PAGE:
Tarradale Through Time Blog

Tarradale Dig - Day 15

by Jonie Guest - 22:20 on 09 October 2017

The Highs and Lows of a ‘Runner’

Dry/wet sieved soil, emptied buckets, picked up leaves in the trenches, logged finds found, equipment transporter, 4x4 support driver, photographer, video person, pot washer, toilet cleaner, sweeper and floor washer, tidier of gate house, shopper and metal detectorist.

The other runner Anne on the other hand had lots more organising to do than I and without her expertise the excavation would have been very difficult.

This is the final blog for our 15 days of excavating at Tarradale Through Time. 

Every day we have had an average of 20 diggers and the weather has also been kind to us during the excavation.

At the very beginning I was asked to keep a diary and do a video log of the day-to-day happenings on the site. Being on the dig every day is very interesting and I realise now what I have missed for the last 11 years having previously just dug at sites for 1 or 2 weeks, dipping in and out.

There is so much background preparation before and after, that has to be done. Approaching the farmer, securing the site, bringing in all the equipment, the list goes on and on. We have been very lucky to have a place where there is a room in the gate house with full facilities and a garage for storage. This was a great place to dig with views over the Beauly Firth and all its wildlife.

The volunteers, some of who are not able to excavate, were given wet-sieving (this is not an easy job ending up cold and wet outside but thankfully we also had use of the polytunnel) and recording finds and sorting.  The diggers spent their time in the trenches.

At the start of this excavation I really did not know what to expect.  We were all fresh and eager to proceed with excavation of the ‘Castle Site’ and the ‘Shell Middens’.  Cathy was our archaeologist on site for the first week and she did a tremendous job making sure all the diggers understood what was happening. Mary and Steve arrived for our second week of the excavation and put in a 110% effort explaining all procedures about the excavation. Steve gave us two lunch-time talks on the kind of finds we were likely to excavate.

Our first week started on 22 September when the mechanical digger removed the top soil of the 4 trenches within one area and 2 others on the eastern promontory.

There was great anticipation and expectation that the Castle Site would produce some evidence of occupation. The trench was approximately 32 m in length with two side branches.

After 2 days of digging and a lot of hard work nothing diagnostic was found; even just a ditch or post hole evidence would have been great.  This trench was abandoned and we moved on to our next 3 trenches at the bottom of the raised beach to find the middens.

Trench 1b did reveal a shoe buckle date 1750-1800? and other small finds.  This trench was also abandoned after 2 days. 

Trench 1c looked very promising at first but as the soil was removed no real features were apparent. The hardest part of this trench was removing a large block of soil which took 8 people 2 hours. There was a sheep skull in the trench side to the E which was left in situ, this trench was then abandoned.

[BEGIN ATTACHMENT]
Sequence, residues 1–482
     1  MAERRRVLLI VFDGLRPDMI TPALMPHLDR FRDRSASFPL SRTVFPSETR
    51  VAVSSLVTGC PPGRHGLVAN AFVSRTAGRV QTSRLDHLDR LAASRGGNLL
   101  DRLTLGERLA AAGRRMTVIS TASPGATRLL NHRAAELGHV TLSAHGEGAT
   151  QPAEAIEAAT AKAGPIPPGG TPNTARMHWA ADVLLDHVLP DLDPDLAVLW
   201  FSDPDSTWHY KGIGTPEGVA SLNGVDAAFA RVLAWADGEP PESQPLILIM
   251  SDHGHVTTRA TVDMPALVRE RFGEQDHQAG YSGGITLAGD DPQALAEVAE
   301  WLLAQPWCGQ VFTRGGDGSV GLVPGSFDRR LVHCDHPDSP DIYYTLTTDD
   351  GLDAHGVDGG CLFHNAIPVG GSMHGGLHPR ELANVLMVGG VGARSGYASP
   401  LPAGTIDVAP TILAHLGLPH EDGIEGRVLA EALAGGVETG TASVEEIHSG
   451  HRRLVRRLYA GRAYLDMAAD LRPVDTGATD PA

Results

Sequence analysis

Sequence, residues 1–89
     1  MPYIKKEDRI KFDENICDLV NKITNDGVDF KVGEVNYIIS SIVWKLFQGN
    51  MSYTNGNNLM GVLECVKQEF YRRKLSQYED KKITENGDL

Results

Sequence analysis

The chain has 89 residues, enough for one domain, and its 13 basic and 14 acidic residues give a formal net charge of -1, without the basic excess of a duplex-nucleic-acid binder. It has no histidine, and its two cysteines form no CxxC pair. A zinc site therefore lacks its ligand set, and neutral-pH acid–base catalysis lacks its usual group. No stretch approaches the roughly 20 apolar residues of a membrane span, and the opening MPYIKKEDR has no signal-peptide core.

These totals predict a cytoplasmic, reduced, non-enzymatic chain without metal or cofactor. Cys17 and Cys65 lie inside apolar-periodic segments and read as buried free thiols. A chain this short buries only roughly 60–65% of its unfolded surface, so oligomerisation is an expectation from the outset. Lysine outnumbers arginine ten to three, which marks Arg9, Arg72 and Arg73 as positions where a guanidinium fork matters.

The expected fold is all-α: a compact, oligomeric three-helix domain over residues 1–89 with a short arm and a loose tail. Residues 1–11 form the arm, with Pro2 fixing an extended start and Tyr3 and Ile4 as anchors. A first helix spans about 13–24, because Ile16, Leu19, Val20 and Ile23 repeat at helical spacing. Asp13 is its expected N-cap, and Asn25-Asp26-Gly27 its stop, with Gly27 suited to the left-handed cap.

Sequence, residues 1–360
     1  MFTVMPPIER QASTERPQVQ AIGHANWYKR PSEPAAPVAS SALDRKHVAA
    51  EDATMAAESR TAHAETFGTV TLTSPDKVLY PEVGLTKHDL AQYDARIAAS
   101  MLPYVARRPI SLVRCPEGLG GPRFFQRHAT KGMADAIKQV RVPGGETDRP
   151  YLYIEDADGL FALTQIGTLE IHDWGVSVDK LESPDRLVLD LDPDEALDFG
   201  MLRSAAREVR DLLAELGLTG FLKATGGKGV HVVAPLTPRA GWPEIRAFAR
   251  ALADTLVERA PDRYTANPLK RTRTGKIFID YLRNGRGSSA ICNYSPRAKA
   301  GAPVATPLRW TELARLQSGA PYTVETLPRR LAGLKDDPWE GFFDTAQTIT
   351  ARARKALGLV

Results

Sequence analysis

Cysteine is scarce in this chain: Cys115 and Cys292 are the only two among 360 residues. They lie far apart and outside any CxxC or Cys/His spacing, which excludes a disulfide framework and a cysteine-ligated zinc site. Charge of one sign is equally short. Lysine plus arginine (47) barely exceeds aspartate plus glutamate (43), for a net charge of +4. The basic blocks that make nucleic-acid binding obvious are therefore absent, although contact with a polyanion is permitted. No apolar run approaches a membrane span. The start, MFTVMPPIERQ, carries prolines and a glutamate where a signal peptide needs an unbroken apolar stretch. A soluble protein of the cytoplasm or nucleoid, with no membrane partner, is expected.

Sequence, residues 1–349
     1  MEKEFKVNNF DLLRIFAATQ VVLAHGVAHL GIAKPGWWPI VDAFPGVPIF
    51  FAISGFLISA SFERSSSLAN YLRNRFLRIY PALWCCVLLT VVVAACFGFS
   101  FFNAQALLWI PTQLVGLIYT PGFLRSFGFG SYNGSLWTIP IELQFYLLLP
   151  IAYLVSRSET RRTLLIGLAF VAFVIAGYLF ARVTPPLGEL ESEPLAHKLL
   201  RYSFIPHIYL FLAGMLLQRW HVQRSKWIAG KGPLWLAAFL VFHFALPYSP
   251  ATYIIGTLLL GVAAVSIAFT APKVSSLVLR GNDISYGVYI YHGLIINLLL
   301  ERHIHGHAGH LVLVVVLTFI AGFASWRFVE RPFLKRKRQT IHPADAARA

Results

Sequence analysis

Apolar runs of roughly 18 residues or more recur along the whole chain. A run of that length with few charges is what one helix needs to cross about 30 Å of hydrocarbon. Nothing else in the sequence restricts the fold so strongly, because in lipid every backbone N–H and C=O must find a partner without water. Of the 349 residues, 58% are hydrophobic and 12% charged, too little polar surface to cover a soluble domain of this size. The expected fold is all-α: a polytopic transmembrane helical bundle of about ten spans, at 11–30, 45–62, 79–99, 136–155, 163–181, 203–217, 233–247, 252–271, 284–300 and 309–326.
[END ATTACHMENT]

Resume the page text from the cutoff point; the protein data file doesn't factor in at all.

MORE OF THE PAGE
Tuesday came and now some of the team were moved to Trench 2b (Steve supervising) because last year two test pits had previously been excavated and looked very promising.  After being downhearted about the Castle Site the spirits of the whole team were lifted when Sue discovered an antler mattock. Other diggers also found parts of antlers and Anne is showing hers in the photo.  The people who lived on this site certainly enjoyed eating oysters and other types of molluscs, as many shells have been found. This trench is revealing something which will add to our understanding of the people who lived here 6,000 ago.

Others of the team moved to the Trench 2a (Mary supervising) on the eastern promontory. The day before some of the team had been test pitting on top of the raised beach to see if there were any concentrations of shells. The two trenches at the bottom of the hill had lots of fired broken shell as well and whole shells.  The difficulty here was the soil was very hard and filled with tree roots. The trenches on top of the hill produced shell middens and another trench showed post holes in the ground, the photo is of John and Brave.

We have also had some fun e.g., I wanted to check to see if the metal detector was working and Pam said put it to her knee and hip, I did not expect it to give a loud signal but it did.  When videoing Sue she got muddled about which type of hand tool she was using. The hose pipe spout separating from the hose, flying about like a snake in the air making me very wet indeed. Pat our resident artist was advised to redraw one of her women in her sketch where her top half is more open to the fresh air. The plastic mouse put into one of the bags for washing.

The last day there has been a lot of moving of equipment, final trowelling, planning sections, washing tools. Using the 4x4 to collect over 100 bags from 2b for wet-sieving (this will take quite a while in the days to come) which the diggers had generated and the collection of many white tubs to go away for flotation.  There are, of course, lots of special finds and bulk samples to go to the specialists for analysis.

The team of volunteers come from all walks-of-life, some working others retired.  It has been a very social group with lots of cake/coffee and discussions at the breaks and lunchtimes.  I know it is this which also which makes a successful happy excavation.

At this point I must thank all the volunteers for their hard work as without you this excavation would not have happened.  Thank you also to all the others who contributed. 

See also the Excavation Photo Gallery page.

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